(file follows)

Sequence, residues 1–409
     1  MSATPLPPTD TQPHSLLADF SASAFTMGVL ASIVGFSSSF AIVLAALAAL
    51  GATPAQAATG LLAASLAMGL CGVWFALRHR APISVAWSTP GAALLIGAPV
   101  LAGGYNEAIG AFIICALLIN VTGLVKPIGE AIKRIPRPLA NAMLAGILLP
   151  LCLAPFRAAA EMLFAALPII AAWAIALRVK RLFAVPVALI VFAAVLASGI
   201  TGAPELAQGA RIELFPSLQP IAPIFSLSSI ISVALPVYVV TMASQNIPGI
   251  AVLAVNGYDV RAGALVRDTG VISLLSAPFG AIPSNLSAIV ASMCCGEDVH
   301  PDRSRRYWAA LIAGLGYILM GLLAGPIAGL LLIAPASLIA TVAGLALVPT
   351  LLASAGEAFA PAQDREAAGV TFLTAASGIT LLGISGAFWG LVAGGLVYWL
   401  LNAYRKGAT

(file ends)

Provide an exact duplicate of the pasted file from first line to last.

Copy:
Sequence, residues 1–409
     1  MSATPLPPTD TQPHSLLADF SASAFTMGVL ASIVGFSSSF AIVLAALAAL
    51  GATPAQAATG LLAASLAMGL CGVWFALRHR APISVAWSTP GAALLIGAPV
   101  LAGGYNEAIG AFIICALLIN VTGLVKPIGE AIKRIPRPLA NAMLAGILLP
   151  LCLAPFRAAA EMLFAALPII AAWAIALRVK RLFAVPVALI VFAAVLASGI
   201  TGAPELAQGA RIELFPSLQP IAPIFSLSSI ISVALPVYVV TMASQNIPGI
   251  AVLAVNGYDV RAGALVRDTG VISLLSAPFG AIPSNLSAIV ASMCCGEDVH
   301  PDRSRRYWAA LIAGLGYILM GLLAGPIAGL LLIAPASLIA TVAGLALVPT
   351  LLASAGEAFA PAQDREAAGV TFLTAASGIT LLGISGAFWG LVAGGLVYWL
   401  LNAYRKGAT